The French were no more enamored of the potato at first than any other Europeans. Legrand d’Aussy, in his 1782 Histoire de la vie privée des Français (History of the private life of the French) wrote that the pasty, indigestible tuber should be eliminated from aristocratic households and left to the poor. . . . .

By 1780, potatoes were the chief food of the Pyrenean highlands. By 1840, the potato was well established in French cuisine, making its way in through the soup pot, where it added bulk and absorbed flavors. . . .

In 1793, during the “Reign of Terror,” the French people celebrated potatoes as their republican salvation. Even the royal Tuileries gardens were symbolically converted into a potato field. . . .

Potatoes gradually acquired a place in haute cuisine. Collinet, the chef for King Louis Phillippe (reigned 1830–1848), accidentally created the famous pommes soufflées (puffed potatoes) when he plunged fried potatoes into extremely hot oil to reheat them when the king was late for dinner.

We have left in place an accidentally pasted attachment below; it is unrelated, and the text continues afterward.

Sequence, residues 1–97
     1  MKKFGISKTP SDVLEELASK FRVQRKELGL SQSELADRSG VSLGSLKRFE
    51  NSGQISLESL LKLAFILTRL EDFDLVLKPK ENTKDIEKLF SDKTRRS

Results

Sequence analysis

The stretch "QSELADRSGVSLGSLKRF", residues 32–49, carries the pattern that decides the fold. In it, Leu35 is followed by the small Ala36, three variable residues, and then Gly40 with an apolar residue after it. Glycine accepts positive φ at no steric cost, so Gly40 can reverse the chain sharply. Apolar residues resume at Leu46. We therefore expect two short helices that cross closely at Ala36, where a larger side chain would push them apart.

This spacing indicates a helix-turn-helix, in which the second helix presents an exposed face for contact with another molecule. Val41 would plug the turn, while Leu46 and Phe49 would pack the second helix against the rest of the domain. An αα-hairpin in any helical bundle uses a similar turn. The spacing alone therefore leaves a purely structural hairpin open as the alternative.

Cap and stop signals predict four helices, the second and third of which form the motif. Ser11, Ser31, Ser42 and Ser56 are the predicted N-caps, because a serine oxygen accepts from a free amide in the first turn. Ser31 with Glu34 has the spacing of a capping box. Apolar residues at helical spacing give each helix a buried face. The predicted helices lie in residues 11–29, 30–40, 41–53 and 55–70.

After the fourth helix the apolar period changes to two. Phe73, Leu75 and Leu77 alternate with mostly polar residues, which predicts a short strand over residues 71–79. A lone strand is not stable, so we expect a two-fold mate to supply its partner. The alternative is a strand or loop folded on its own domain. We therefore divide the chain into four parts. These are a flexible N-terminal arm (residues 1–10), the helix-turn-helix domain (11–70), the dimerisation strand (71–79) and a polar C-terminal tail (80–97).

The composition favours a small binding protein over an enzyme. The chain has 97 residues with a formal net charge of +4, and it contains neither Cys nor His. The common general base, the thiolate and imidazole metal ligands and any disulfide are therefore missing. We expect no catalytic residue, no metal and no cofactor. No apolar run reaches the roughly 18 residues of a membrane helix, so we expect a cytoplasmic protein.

And then there’s one of those odd twists in history where the potato made its way back to North America by way of Europe, rather than directly through South America. It took the Irish immigrants to entrench full scale potato eating to America; and the common potato we eat is the Irish potato, a breed that’s undergone modification in Europe for almost 300 years now, and far removed from the much more colorful and flavorful Amerindian varieties.

These potatoes, of which there are thousands more varieties, are more nutritious than the European type; less sugary, starchy, with more flavor and vitamins. One downside, however, is that they do contain more of the harmful substances that the European peasants were so worried about and are more likely to harbor viruses. I’ve heard stories of people eating too many potatoes in the Andean highlands and falling into a deep 12 hour sleep with little memory of what happened due to the large amount of solanine in these potatoes, which was bred out in the European varieties eaten in most places around the world.